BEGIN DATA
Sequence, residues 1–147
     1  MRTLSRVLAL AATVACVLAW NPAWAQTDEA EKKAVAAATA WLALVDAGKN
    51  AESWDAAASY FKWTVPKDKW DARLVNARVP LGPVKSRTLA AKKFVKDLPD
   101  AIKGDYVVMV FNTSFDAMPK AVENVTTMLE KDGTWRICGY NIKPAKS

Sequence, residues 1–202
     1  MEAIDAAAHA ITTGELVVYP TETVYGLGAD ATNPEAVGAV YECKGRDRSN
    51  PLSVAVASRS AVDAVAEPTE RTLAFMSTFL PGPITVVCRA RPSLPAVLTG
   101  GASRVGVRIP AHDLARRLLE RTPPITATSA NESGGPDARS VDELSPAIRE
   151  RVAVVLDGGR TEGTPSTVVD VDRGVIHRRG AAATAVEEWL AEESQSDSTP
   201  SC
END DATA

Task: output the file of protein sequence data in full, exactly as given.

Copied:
Sequence, residues 1–147
     1  MRTLSRVLAL AATVACVLAW NPAWAQTDEA EKKAVAAATA WLALVDAGKN
    51  AESWDAAASY FKWTVPKDKW DARLVNARVP LGPVKSRTLA AKKFVKDLPD
   101  AIKGDYVVMV FNTSFDAMPK AVENVTTMLE KDGTWRICGY NIKPAKS

Sequence, residues 1–202
     1  MEAIDAAAHA ITTGELVVYP TETVYGLGAD ATNPEAVGAV YECKGRDRSN
    51  PLSVAVASRS AVDAVAEPTE RTLAFMSTFL PGPITVVCRA RPSLPAVLTG
   101  GASRVGVRIP AHDLARRLLE RTPPITATSA NESGGPDARS VDELSPAIRE
   151  RVAVVLDGGR TEGTPSTVVD VDRGVIHRRG AAATAVEEWL AEESQSDSTP
   201  SC